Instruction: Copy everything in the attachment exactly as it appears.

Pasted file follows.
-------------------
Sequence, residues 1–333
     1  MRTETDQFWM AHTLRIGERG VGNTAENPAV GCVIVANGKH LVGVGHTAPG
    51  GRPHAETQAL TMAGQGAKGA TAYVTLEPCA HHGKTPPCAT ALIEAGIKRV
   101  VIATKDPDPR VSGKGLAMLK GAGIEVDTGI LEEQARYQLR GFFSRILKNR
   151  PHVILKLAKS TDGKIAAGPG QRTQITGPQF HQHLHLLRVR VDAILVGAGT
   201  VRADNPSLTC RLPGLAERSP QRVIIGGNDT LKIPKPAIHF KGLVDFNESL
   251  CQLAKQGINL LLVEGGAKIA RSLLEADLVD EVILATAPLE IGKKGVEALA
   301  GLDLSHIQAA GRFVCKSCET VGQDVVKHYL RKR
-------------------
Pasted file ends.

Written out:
Sequence, residues 1–333
     1  MRTETDQFWM AHTLRIGERG VGNTAENPAV GCVIVANGKH LVGVGHTAPG
    51  GRPHAETQAL TMAGQGAKGA TAYVTLEPCA HHGKTPPCAT ALIEAGIKRV
   101  VIATKDPDPR VSGKGLAMLK GAGIEVDTGI LEEQARYQLR GFFSRILKNR
   151  PHVILKLAKS TDGKIAAGPG QRTQITGPQF HQHLHLLRVR VDAILVGAGT
   201  VRADNPSLTC RLPGLAERSP QRVIIGGNDT LKIPKPAIHF KGLVDFNESL
   251  CQLAKQGINL LLVEGGAKIA RSLLEADLVD EVILATAPLE IGKKGVEALA
   301  GLDLSHIQAA GRFVCKSCET VGQDVVKHYL RKR